Several callers ringing the middle-brow Radio 4 station in England recently were concerned about one thing: that placing disestablishment of the Church of England back on the agenda was a serious mistake. Attempts to change the Act of Settlement were more revolutionary than many had supposed, including the Prime Minister Gordon Brown.
In late March, a Private Member’s Bill affecting disestablishment, brought by the Liberal Democrat MP Evan Harris in the House of Commons was effectively “talked out” of Parliament by Justice Secretary Jack Straw. More formal “channels” had to be used.
Passed in 1701, the Act retained the Protestant lineage to the British throne, conferring it on the Electress Sophia of Hanover, granddaughter of James I of England (IV of Scotland) and her Protestant descendants. The key proviso here was that no Roman Catholics, including Protestants who had married Roman Catholics, would figure in the bargain. Legal scholars go dewy-eyed at its constitutional force (even in a country without one), seeing it as central to Britain’s stability.
The Act of Settlement does seem like a remarkable anachronism in a country with many faiths and ethnic groups. How then, does an established church mirror that? The cardinal feature of such a body is that it somehow reflects a society’s constituent parts. In Lord Falconer’s words, “If you are a State Church, you’ve got to be able to speak not just to your own members but to the members of the State whose Church you are”.
There are rules aplenty against discrimination on Britain’s statute books, excepting this anti-Catholic injunction. Various notables in the Church see it as obsolete. The Archbishop of Canterbury himself will not shed a tear if, and when, it goes. Many politicians consider the Act “repugnant”.
A panel on the subject was convened on Decision Time (April 1), a Radio 4 program featuring commentators on religious and state matters. Among them were Fiona Gledhill of the Times, former Lord Chancellor Lord Falconer of Thoroton, theologian Theo Hobson, Christopher Herbert, formerly Bishop of St. Albans and Simon Walker, formerly of the Palace.
The upshot of the Radio 4 discussion produced a very English formula: disestablishment was probably bound to happen, but it was not necessarily a good idea. And when it did, in any case, it would be done in an orderly, evolutionary fashion. We Brits don’t do revolutions, thank you very much.
Discriminatory though the Act might be, it was partly necessary, at least at the present time. To fiddle with it might light fires few could foresee. Besides, argues Bishop Herbert somewhat idiosyncratically (Times, October 28, 2008), the Church of England could amply represent secular and non-secular viewpoints, not to mention those of other faiths, in its capacity as the State church. Furthermore, argues Hobson (Guardian, January 9, 2008), the Church of England was the engine room of the liberal tradition, an absolute necessity against the obscurantist Rome of Tudor times.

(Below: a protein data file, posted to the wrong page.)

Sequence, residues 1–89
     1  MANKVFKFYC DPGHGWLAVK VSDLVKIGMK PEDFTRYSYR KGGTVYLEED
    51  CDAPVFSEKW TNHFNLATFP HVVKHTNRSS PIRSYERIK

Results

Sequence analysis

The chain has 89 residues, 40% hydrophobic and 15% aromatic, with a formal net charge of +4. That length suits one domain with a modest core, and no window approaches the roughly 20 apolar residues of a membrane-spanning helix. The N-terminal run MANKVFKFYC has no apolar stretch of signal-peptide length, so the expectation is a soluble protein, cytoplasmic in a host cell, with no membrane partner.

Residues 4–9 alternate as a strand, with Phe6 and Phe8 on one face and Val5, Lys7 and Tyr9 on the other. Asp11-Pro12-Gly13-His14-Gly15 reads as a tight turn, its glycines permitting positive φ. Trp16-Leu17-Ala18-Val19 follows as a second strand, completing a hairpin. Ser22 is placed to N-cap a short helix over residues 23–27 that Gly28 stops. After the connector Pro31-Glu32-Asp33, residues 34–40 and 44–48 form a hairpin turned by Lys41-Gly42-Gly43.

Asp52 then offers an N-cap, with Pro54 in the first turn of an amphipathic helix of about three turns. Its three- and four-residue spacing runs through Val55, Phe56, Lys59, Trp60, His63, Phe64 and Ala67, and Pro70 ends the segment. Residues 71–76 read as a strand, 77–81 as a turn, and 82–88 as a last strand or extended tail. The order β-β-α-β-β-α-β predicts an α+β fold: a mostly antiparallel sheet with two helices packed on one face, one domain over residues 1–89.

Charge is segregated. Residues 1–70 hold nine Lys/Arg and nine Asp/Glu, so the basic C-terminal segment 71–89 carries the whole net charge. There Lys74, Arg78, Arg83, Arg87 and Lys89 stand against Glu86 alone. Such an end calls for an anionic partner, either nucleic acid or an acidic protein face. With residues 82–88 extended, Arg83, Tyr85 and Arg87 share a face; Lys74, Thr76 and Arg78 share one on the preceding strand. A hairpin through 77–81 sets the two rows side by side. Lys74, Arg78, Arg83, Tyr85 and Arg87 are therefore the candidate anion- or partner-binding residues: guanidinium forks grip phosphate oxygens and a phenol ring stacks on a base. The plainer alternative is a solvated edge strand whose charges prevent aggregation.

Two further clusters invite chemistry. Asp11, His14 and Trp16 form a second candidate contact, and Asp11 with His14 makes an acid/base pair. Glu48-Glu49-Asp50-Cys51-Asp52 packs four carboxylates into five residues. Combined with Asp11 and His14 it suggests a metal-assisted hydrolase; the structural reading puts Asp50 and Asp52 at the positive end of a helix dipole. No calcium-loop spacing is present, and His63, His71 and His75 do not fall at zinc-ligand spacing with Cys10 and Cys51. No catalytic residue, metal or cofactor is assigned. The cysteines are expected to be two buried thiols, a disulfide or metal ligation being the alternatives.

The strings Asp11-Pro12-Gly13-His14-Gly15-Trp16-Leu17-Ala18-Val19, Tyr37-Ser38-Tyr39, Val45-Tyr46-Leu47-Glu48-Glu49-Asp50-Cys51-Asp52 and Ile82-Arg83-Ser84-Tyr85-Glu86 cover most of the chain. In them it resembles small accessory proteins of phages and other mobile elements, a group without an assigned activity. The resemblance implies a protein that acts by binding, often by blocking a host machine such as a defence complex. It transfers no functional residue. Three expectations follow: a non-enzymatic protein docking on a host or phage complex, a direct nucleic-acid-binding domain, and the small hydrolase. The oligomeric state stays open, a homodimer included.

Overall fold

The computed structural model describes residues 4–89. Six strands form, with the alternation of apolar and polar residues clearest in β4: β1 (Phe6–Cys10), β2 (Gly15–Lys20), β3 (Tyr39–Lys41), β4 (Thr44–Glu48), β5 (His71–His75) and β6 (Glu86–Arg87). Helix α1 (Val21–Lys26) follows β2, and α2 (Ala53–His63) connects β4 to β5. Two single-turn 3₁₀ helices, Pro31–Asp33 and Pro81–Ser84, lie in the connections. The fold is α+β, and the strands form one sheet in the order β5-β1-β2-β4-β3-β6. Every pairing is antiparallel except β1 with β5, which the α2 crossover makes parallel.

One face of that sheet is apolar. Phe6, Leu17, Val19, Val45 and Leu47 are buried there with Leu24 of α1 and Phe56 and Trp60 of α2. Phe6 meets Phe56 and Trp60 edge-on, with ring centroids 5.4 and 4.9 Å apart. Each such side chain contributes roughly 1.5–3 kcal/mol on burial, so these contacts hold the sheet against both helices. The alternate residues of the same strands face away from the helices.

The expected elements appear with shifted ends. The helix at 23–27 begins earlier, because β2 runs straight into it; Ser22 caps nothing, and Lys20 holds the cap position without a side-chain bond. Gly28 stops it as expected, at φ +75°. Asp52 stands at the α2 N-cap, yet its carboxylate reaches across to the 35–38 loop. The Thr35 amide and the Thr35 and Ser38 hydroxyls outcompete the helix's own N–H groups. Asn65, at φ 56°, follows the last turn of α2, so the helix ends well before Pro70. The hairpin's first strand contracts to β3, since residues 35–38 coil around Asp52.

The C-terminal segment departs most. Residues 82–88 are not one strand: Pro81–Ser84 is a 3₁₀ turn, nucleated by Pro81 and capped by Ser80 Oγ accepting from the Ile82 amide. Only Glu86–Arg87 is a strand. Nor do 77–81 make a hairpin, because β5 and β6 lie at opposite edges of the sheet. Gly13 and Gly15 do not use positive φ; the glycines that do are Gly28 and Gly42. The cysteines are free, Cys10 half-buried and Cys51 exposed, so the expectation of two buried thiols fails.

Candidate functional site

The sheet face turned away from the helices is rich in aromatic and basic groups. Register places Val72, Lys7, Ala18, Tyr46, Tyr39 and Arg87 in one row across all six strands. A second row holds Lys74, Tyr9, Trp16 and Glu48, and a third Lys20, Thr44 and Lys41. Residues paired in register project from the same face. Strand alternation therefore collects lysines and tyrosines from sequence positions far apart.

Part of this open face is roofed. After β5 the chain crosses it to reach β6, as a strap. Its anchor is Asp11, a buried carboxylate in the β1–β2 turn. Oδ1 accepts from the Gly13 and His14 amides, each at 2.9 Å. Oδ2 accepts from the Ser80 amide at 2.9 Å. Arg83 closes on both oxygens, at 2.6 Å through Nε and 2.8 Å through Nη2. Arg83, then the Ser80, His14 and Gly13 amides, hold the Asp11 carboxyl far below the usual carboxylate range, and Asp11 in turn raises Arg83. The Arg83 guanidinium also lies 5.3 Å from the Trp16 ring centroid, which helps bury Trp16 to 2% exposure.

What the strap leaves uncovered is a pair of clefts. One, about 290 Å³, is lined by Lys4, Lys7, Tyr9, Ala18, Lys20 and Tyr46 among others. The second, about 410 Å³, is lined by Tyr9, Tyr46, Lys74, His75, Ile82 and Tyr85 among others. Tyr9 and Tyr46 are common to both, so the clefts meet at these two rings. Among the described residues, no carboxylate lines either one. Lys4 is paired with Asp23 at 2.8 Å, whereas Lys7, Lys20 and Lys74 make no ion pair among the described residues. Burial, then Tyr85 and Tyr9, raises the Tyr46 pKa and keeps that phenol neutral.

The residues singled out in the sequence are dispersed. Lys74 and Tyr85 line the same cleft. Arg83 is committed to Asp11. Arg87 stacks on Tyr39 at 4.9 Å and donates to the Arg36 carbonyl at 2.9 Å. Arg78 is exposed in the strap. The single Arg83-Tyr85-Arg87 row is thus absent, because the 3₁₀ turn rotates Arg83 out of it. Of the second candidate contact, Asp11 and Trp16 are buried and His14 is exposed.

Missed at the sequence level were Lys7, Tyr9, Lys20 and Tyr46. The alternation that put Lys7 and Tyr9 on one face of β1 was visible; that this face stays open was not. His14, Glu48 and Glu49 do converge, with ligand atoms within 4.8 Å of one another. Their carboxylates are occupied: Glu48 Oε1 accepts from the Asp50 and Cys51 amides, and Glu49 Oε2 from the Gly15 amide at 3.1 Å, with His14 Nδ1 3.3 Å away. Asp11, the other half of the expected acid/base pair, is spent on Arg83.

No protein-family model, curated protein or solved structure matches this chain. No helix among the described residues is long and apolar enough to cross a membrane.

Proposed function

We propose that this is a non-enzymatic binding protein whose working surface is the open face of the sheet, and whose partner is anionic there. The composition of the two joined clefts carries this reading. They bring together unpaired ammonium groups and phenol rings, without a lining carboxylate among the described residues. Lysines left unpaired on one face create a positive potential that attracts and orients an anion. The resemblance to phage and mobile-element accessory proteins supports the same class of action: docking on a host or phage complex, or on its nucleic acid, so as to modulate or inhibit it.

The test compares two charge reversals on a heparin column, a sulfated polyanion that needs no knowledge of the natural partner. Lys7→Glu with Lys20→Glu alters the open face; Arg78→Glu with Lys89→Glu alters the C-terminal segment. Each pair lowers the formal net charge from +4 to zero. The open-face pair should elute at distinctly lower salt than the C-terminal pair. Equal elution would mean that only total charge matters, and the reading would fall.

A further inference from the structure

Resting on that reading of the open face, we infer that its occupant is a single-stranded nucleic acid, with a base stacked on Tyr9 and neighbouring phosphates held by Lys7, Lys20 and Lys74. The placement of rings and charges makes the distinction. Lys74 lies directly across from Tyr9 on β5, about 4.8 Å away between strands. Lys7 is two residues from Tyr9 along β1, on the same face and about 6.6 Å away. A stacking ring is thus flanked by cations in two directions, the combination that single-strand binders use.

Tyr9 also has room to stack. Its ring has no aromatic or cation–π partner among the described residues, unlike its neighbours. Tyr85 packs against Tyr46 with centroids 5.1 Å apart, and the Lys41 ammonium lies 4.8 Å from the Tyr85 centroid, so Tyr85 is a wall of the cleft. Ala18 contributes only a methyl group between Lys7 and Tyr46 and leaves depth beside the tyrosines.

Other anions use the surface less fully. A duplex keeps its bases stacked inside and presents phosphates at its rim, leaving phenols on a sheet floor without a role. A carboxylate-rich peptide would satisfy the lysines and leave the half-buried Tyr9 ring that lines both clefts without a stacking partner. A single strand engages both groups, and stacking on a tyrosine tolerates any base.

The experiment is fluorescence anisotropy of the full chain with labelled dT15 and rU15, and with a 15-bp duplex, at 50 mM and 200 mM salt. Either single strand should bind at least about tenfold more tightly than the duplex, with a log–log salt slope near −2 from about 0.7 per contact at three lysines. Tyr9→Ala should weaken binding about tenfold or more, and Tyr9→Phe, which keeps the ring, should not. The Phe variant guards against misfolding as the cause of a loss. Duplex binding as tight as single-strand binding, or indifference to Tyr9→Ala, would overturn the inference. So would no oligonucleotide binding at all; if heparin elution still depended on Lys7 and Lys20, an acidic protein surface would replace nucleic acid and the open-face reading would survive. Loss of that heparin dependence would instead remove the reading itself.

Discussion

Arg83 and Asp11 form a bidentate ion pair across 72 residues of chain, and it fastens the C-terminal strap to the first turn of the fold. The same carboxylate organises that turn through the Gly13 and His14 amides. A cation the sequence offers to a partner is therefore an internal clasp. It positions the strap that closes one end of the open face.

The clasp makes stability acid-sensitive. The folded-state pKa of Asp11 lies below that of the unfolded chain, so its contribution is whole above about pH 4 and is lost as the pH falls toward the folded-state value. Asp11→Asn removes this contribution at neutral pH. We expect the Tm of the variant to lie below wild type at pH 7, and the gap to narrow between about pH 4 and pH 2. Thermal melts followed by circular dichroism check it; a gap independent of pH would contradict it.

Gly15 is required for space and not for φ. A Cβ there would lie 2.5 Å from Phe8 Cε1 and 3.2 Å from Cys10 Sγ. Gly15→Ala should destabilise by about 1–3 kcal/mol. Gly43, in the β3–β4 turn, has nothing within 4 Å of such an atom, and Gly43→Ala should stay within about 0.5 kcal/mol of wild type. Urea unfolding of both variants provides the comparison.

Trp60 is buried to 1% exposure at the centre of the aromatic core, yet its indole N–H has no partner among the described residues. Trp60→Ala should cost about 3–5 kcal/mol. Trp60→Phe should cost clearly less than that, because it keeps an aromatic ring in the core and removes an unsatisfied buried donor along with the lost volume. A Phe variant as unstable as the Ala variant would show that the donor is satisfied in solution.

For Gledhill, the Act makes the Anglican institution necessarily and usefully preeminent. She sees it as a bulwark of Judeo-Christian solidity in the face of corrosive secularism. The issue of excluding that other Judeo-Christian feature from the mix, notably Catholics, is conveniently omitted.
But the short of the Radio 4 discussion betrayed a curious, and continuing fear, of lurking papists. The Church of England remained the stronghold of British identity and stability. The radio callers, certainly the more alarmed ones, expressed dismay that amending the Act would dismantle the Church, effectively defeating it. Allowing Catholics into the fray would unlock the gate at which the historical enemy had settled. A revolution would ensue. Besides, could you really trust a sovereign whose allegiance was to God, the Pope then country, in that order?
Critics of the move have also pointed out various practical considerations Brown and those in favour of disestablishment have apparently ignored. In the event the sovereign is Catholic, he or she would not be able to be anointed by the Archbishop of Canterbury, nor receive communion within the Church of England. In a convenient twist, the Catholics (yes, the Catholics), would not allow it.
Speaking about those Catholics, concerns might also be had on their part about changing this discriminating fixture. Sectarian discontent might be created, and this was hardly desirable for most Catholics living in Britain. Best leave the throne in Protestant hands.
Change, in truth, is unlikely to happen to the Act very soon, however optimistic those in Downing Street might be. A tacit agreement, so goes one rumour, is in place which suggests that any change will only take place after the current monarch passes on. This, given Queen Elizabeth II’s longevity, makes it unlikely in the immediate future. Too bad for Charles, and, indeed, Camilla Parker Bowles. As for problems of anointment and the like, Britain is bound to bypass it this time. “Britain,” Lord Falconer asserted confidently, “is incredibly good at getting around those sorts of problems.”